While they were eating, Jesus took bread, gave thanks and broke it, and gave it to his disciples, saying, “Take and eat; this is my body.” Then he took the cup, gave thanks and offered it to them, saying, “Drink from it, all of you.
As the disciples gather with Jesus to celebrate the Lord’s Supper, they have no idea that it is the last night that Jesus would be alive. They don’t understand the significance of this particular Passover feast as they celebrate it with Jesus.
There is significance that Jesus would thank God for the food as was discussed in yesterday’s devotion. But for the Christian, this is more of an example of how we ought to celebrate the Lord’s Supper.
The Lord’s Supper is a part of the Passover feast. The disciples have already eaten and without a doubt, thanks was given for this food. As Jesus institutes the Lord’s Supper, He doesn’t offer thanks for the food but offers thanks as an example for His disciples to follow later. We are reminded to give thanks for the bread and wine as they are symbols of Jesus’ sacrifice.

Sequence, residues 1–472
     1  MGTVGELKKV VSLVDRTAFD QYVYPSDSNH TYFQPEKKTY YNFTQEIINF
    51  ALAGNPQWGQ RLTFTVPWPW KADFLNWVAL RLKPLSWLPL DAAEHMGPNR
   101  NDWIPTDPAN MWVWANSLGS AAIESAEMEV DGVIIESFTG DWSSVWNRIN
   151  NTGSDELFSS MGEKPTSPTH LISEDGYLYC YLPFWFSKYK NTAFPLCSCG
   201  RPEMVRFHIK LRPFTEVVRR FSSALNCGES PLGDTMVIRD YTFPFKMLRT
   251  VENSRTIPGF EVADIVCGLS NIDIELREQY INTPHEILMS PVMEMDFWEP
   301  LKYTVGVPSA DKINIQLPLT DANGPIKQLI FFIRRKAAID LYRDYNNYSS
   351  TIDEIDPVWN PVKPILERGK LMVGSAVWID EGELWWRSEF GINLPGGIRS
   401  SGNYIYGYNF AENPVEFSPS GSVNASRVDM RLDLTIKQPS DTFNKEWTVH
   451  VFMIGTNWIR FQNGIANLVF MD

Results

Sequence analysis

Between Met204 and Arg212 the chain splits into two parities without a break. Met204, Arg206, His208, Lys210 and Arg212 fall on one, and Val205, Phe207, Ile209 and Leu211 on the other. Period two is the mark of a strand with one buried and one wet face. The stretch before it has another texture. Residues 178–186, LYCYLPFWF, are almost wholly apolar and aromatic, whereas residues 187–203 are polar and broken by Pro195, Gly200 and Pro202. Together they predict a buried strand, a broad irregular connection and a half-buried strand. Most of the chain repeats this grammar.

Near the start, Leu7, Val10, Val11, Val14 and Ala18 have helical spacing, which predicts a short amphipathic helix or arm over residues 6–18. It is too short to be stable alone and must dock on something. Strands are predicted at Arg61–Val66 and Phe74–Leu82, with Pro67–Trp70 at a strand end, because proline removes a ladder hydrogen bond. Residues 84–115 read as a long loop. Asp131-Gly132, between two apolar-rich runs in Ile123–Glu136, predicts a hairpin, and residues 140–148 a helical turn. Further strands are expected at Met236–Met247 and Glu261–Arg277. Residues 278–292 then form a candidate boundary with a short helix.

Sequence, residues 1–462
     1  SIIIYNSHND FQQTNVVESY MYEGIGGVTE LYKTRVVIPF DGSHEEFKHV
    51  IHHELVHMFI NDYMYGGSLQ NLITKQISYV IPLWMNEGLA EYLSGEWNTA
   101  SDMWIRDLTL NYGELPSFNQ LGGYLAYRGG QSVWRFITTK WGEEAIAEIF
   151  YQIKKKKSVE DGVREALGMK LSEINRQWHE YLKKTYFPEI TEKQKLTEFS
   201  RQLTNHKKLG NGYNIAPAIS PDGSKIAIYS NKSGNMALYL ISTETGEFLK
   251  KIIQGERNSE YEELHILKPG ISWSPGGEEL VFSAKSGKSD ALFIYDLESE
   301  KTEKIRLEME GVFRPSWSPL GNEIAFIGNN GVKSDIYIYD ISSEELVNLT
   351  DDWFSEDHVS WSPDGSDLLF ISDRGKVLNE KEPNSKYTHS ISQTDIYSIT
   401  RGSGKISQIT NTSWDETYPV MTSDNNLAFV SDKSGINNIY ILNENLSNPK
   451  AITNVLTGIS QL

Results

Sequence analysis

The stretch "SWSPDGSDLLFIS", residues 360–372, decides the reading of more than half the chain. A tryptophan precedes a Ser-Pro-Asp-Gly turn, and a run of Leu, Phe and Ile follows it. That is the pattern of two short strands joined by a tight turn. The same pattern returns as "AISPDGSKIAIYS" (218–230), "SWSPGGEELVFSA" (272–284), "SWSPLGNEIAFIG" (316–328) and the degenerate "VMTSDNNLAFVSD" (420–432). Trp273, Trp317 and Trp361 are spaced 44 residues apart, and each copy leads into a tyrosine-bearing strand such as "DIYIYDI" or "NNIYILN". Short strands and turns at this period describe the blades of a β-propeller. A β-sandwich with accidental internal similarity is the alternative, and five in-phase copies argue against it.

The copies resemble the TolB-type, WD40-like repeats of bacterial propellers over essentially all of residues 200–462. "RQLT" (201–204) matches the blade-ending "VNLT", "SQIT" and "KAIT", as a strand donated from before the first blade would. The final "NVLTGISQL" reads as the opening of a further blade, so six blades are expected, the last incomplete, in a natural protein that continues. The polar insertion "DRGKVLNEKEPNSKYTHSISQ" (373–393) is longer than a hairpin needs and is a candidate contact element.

Jesus’ body was afflicted in many ways. He was beaten and whipped. He was spat upon. A crown of thorns was jammed on His head. And finally He was raised up on a cross for a death so painful that the Romans had determined it was not suitable for anyone who was a Roman citizen, regardless of how vile they were.
As Jesus’ blood was poured out, His very life drained away. It is through His blood that our sins are forgiven. All of the Old Testament sacrifices point to this.
As we celebrate the Lord’s Supper, we should do so with thanksgiving for the great sacrifice of Jesus – His body that was broken and His blood that was shed.